A zoo in Australia was forced to close after flash floods inundated the facility and forced staff to rescue animals from the overflowing waters as fires continued to burn across the country.
In a post to Facebook on Friday, Australian Reptile Park officials announced their decision to close the park as New South Wales was bombarded with heavy rains that brought relief for firefighters battling a series of bushfires that have burned through millions of acres across the country since September.
But despite the respite, the storms also increased the chance of flooding in many areas, according to the Washington Post.
“This morning we made the tough decision to close the park for the day due to incredibly heavy (much needed!) rainfall resulting in floods we haven’t seen for over 15 years!” park officials wrote in the post. “We’ve even had keepers stationed at our Alligator Lagoon to monitor the water levels, which were rising beyond the fence line.”
The post included a dramatic video of a staff member carrying a pair of koalas over water rushing through the park. Footage also showed a staff member using a broom to keep two large alligators inside their enclosure.
“All animals are safe and the park is enjoying the much needed rain regardless of the circumstances,” a follow-up post by the park read. “The flooding has subsided and the clean-up has begun. We are on track for business as usual tomorrow.”
According to Yahoo, park director Tim Faulkner told local media that he was rescuing animals from drought-effected areas before he returned to the park to help with the flooding.
“The contrast between the current bushfire crisis and this sudden flooding is striking,” he explained. “But we are well aware that a huge part of Australia is still burning, and millions of animals are still under threat. The rain doesn’t replace the millions of hectares of habitat that has been lost over the last few months.”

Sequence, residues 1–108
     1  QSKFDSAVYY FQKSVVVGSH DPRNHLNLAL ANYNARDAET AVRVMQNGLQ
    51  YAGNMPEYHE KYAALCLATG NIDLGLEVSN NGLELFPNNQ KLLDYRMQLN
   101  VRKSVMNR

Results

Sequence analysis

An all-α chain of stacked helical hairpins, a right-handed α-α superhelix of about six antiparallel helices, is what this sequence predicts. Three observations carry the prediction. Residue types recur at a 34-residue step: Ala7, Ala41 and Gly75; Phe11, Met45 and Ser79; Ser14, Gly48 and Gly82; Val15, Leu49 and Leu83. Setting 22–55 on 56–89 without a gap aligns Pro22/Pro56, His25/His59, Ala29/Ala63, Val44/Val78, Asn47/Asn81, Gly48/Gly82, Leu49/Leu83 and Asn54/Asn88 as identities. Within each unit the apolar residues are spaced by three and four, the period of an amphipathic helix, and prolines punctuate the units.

While the rains have helped to weaken some of the fires, they haven’t been enough to end the devastation.
“Rain has fallen across most fire grounds over the last 24 hours which is great news!” the New South Wales Rural Fire Service wrote on Twitter Thursday. “Our fingers are crossed that this continues over the coming days. This morning 82 fires are still burning across New South Wales, with over 30 still yet to be contained.”
According to CNN, storms are expected to continue over the weekend, though forecasters have warned that flash flooding could be in the cards.
“This will be all of our Christmas, birthday, engagement, anniversary, wedding and graduation presents rolled into one,” the NSW RFS tweeted in response to the weather forecast.
Flooding has also affected the state of Victoria. Earlier this week, the Victoria State Emergency Service posted a series of photographs to social media that showed a newly formed sinkhole and a river of mud flowing across a road.
Since September, at least 28 people have been killed, while more than 17.9 million acres have been wiped out, destroying thousands of homes and buildings in the process, according to CNN. A seven-day state of emergency was declared on Jan. 2, the third of its kind since November, NBC News reported.
Around 1.25 billion animals, including mammals, birds, and reptiles, are estimated to have died due to the crisis, according to the World Wildlife Fund. Thousands more are believed to be injured and homeless.